Compact and slow-growing is often how this month’s Houseplant of the Month, the Peperomia, is described.
Their main attraction is their striking leaves in different colours and shapes, with ripple effects or markings. And some species produce ‘rat-tail’ flower heads on an upright spike.
You’ll find bushy, trailing and upright varieties. Peperomia caperata, which is readily available, is an example of a bushy variety. It has many cultivars including Luna Red, Emerald Ripple and Tricolor.
An example of a trailing variety is Peperomia rotundifolia, which I featured in my latest report for New Covent Garden Flower Market. With rounded leaves, it can produce small yellow-green flower spikes in the summer.
Regarding upright Peperomias, one of the most common is Peperomia obtusifolia, which has blunt round fleshy leaves. Examples of cultivars are ‘Green’ and ‘Green Gold’.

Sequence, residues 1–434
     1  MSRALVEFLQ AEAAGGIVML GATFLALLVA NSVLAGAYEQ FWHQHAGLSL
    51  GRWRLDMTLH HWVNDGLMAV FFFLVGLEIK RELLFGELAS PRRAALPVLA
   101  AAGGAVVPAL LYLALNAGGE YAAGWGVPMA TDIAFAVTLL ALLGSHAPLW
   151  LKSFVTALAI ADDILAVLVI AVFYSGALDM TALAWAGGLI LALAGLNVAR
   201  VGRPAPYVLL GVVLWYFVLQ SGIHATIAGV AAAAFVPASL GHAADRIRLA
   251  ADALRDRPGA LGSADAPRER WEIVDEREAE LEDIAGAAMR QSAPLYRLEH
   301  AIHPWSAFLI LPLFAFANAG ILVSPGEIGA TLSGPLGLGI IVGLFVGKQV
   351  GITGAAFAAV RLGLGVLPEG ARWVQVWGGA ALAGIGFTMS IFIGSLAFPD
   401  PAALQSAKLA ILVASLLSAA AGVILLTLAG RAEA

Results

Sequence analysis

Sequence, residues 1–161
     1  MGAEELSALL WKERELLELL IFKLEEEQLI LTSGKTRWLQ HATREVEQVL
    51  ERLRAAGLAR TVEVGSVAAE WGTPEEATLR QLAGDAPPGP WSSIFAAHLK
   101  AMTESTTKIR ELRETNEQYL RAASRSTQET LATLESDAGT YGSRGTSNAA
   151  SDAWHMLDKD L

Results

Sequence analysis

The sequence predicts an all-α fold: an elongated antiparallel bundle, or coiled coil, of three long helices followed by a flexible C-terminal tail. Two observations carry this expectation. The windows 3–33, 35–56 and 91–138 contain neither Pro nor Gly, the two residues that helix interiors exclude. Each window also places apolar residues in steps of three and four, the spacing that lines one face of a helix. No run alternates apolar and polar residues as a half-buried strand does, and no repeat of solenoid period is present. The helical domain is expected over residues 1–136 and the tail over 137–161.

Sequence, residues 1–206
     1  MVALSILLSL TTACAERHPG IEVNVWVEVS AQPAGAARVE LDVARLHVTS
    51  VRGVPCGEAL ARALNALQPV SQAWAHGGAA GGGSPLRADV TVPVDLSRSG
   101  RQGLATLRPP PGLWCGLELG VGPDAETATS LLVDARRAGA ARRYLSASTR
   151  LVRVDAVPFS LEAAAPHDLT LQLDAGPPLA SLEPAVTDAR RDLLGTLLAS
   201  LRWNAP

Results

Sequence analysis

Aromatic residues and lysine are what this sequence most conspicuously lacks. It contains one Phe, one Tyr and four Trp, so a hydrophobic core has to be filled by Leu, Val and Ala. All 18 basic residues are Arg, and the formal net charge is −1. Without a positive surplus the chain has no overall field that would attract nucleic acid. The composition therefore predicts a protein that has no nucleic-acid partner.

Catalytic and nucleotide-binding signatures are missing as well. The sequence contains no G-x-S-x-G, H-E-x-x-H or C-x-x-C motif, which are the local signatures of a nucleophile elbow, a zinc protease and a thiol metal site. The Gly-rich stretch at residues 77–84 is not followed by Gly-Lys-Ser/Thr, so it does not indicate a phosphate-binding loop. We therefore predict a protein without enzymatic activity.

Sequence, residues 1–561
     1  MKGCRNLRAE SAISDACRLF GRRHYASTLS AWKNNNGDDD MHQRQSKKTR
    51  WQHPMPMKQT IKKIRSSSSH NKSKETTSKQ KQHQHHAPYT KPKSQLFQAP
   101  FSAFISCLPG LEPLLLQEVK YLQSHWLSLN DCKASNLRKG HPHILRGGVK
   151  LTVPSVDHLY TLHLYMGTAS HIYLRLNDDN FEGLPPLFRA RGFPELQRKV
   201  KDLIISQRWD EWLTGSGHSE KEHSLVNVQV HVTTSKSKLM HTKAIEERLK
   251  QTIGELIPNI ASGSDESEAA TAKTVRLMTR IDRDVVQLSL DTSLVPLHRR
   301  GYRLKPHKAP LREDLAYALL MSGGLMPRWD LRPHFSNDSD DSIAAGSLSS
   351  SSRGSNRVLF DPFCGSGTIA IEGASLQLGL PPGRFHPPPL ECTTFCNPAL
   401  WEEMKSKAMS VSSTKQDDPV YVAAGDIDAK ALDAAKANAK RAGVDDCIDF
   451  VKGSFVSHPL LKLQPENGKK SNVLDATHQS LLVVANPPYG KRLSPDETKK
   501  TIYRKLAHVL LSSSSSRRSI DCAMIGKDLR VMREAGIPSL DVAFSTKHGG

Care wise, Peperomia plants like a bright or semi-shady spot away from direct sunlight. And it’s best to let the compost dry partly between waterings. And then water sparingly.
According to NASA research, one unique aspect of Peperomia plants is that all their foliage purifies the air, which means that I’m definitely going to put them on my list of plants to buy for my office!
* This post is brought to you in collaboration with The Flower Council of Holland. All the words are my own.
(Images : The Flower Council of Holland)